Water Structure

Getting all wet 9 or 10 at a time

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Science  12 Dec 2014:
Vol. 346, Issue 6215, pp. 1339-1340
DOI: 10.1126/science.346.6215.1339-d

H2O seems like such a simple molecule. Why, then, haven't chemists definitively resolved the details of liquid water structure? The trouble is that hydrogen bonding—the attraction between an H on one molecule and an O on another—creates a cooperative net, where the orientation of each individual H2O depends sensitively on the orientations of all its neighbors. Pérez et al. take a close look at water clusters built up from 9 or 10 molecules, to help tease out the subtleties of hydrogen bonding behavior in a more manageable size regime. Using rotational spectroscopy in the microwave region, they observe several different arrangements at slightly varying energies, which accord with a straightforward cooperativity model.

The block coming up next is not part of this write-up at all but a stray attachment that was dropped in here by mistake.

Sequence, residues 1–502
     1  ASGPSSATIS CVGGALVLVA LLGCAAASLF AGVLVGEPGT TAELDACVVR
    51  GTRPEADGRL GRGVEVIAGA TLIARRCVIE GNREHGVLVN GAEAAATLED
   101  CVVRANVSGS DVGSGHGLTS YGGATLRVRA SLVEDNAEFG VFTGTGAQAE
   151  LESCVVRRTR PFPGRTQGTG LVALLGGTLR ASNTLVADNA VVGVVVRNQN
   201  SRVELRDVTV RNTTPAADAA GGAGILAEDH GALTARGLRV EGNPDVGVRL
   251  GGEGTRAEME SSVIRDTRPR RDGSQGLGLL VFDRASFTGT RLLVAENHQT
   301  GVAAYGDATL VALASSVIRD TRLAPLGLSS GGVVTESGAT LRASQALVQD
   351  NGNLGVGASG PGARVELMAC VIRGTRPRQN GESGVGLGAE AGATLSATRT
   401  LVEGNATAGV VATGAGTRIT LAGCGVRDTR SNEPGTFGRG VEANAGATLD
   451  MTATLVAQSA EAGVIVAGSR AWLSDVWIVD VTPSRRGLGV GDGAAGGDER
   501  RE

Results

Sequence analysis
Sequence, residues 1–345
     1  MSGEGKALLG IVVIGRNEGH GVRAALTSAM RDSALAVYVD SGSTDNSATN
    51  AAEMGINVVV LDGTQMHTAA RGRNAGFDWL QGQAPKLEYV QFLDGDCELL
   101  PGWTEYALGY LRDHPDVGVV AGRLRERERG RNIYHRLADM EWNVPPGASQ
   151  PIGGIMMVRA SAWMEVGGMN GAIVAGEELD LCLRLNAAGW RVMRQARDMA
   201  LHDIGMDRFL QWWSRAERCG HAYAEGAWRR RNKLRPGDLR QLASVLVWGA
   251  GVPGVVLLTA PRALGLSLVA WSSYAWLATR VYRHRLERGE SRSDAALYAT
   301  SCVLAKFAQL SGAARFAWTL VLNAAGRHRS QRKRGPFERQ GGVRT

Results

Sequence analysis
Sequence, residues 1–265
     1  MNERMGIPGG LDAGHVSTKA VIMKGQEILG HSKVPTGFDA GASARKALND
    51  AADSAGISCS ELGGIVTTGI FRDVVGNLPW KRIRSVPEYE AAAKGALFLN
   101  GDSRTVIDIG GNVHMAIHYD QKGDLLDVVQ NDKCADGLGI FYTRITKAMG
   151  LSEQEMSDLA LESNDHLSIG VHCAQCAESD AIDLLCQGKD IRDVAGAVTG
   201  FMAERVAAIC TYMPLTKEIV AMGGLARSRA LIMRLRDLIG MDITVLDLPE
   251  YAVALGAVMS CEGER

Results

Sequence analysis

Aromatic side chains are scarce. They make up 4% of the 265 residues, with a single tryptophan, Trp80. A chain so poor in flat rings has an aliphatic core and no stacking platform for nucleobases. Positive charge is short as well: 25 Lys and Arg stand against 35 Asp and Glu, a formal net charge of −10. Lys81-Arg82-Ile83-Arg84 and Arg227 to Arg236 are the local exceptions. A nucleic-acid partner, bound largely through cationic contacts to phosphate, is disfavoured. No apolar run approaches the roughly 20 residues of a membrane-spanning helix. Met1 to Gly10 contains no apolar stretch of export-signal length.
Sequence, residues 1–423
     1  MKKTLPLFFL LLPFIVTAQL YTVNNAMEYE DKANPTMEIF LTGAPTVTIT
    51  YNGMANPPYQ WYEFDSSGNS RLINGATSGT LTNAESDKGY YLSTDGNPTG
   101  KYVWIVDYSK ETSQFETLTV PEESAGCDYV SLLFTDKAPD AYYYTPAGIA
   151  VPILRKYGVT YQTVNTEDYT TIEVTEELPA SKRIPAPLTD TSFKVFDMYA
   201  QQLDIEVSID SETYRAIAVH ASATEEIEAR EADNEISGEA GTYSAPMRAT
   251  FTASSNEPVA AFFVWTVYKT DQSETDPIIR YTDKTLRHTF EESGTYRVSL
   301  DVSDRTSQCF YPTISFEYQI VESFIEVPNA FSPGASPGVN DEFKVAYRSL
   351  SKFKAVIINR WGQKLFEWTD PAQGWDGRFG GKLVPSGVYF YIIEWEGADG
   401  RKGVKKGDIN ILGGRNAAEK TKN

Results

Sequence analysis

Angew. Chem. Int. Ed. 53, 10.1002/anie.201407447 (2014).

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